13. I’ve done the gas savings calculation before and I’ve always been surprised at how little it mattered. It depends what kind of jump you’re making (18 to 50 mpg is HUGE), but even then it’s quickly outpaced by the costs of actually buying a new car. This kind of math is one of the things that kept me from replacing my car for so long, even though it kept needing repairs. The cost of replacing it is so high that it often outweighs everything else.

  14. Thanks for the article, I just paid off a 22mpg car I was happy to buy a year ago, but my financial mindset has changed drastically. So I’ll probably sell it.

    I’ve been doing the math with older Priuses (2004-7) and after 5 or 6 years they pretty much come out even with several-thousand dollar less expensive cars. But I’m no use car expert, so….

    You seem to have a mental shortlist of reliable older cars; would you mind sharing that list?

    Thanks again for the article and for the discussion.



  15. Thank you! I mean we’re pretty lucky as is with our 35 mpg ’04 civic that we only spent about $7500 for. We love the idea of a hybrid but until they’re not so new and have quality used options that have absorbed a lot of the depreciation, it makes no sense. If you can afford to pay in full and you really want the car for more reason than saving gas money I’m not against it. To each their own with car choices, but I agree the gas alone argument is not justifiable. Great post.

  16. Not suggesting your analysis arrives at the wrong conclusion, but it’s worth noting that a Prius gets 50+ mpg CITY while the Civic is more likely to deliver 25 mpg CITY. I have been able to hit 48 mpg HIGHWAY with my ’03 Civic LX and careful driving habits, but that is less than 20% of my overall driving.

      • I have heard similar anecdotes about earlier Civics, perhaps it’s my driving style in city. In city driving I favor time efficiency (making lights, not letting “cutters” in) over fuel efficiency. The only technique I used to get 48 mpg was to preserve momentum, which translates in to increased following distance to achieve higher average speed (less acceleration), and adjusting my speed to changes in terrain.

    • To play devil’s advocate, because the Metro is a death trap and lacks modern features. The opportunity cost of a Prius for many is a similar new car with a gas engine, like a Civic, Corolla, or bigger siblings Accord and Camry.

  17. For a lot of folks it depends on what your need is. Going from an 18mpg truck to a 50mpg hybrid sound unlikely since you’re radically changing vehicle types. My wife drives a 2003 Focus which we bought used in 2005 for $16k with financing. It gets up to 34mpg. We still have it (and it just broke 100k miles). I was getting an oil change the other day and looked at the 2014 Focus hybrid on the showroom floor. It was close to $35k while the normal 2014 Focus was $18k. For an extra 20-30mpg you’d be buying twice the car. I was shocked that the Focus hybrid was so damn expensive, and equally amused that the price point for a new conventional Focus has essentially stayed the same for a decade.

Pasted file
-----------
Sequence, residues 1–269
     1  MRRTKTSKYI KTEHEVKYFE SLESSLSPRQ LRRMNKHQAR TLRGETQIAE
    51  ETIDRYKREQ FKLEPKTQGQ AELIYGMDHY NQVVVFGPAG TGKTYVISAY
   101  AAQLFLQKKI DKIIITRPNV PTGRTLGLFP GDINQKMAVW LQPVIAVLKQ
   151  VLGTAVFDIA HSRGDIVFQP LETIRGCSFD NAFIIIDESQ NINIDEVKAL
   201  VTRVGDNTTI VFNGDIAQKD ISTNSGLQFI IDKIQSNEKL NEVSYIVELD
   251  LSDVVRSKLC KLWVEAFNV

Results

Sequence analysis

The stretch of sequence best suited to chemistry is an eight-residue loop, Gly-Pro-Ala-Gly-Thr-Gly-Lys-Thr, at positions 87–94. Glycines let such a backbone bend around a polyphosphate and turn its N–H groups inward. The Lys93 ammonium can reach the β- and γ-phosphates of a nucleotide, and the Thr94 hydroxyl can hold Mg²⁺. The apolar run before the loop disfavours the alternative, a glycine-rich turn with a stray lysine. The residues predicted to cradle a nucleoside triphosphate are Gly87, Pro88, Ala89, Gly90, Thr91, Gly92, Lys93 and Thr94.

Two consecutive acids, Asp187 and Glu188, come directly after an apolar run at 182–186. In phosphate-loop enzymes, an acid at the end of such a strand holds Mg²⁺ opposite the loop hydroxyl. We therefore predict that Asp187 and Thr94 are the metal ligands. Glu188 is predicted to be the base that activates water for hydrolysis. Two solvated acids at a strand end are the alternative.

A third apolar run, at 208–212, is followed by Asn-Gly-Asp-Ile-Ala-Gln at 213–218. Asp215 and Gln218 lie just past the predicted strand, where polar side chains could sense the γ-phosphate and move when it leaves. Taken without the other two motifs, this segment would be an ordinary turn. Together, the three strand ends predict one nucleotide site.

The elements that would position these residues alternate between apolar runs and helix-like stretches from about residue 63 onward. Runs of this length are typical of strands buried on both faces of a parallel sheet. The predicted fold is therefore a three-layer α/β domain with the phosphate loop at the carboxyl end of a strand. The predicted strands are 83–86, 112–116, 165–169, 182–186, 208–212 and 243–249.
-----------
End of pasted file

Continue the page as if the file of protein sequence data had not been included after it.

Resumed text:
18. You keep talking about how little the Prius will be worth after 5 yrs. But so won’t the other car you would buy if you didn’t go for the Prius. A value drop to 40 % after 5 years is even considered a very small drop, as I get value drops to 45 % already on a 3 year lease.

    So both the Prius and the Civic would drop to about 40 % of their original value, but one would save you money on gas at least.

    And what is the deal with mixing in other costs that are not exactly relevant to gas saving. What if you have to take a bad loan on the whole price of the car, or steal the money to buy the Prius, then you would sit in jail half the time of those first 5 years – please calculate loss of salary for 2,5 yrs… Not relevant to the gas math which is what matters to people.

  19. You know whats cheaper? Walking or using a bicycle no insurance no taxes no gas LOL!!!! Hybrids are no for everyone for some people that drive a lot they probably will save money for other probably not, there is no comparation between driving a new hybrid than an old ugly car with similar mpg, i would rather pay more to drive a decent car than be driving an old ugly car!!!! I just bought and electric for 11500 cost pert mile 0.02 cents while it will take 10 years to pay off by it self i dont really care i love the car is much more confortable than my old car!!!!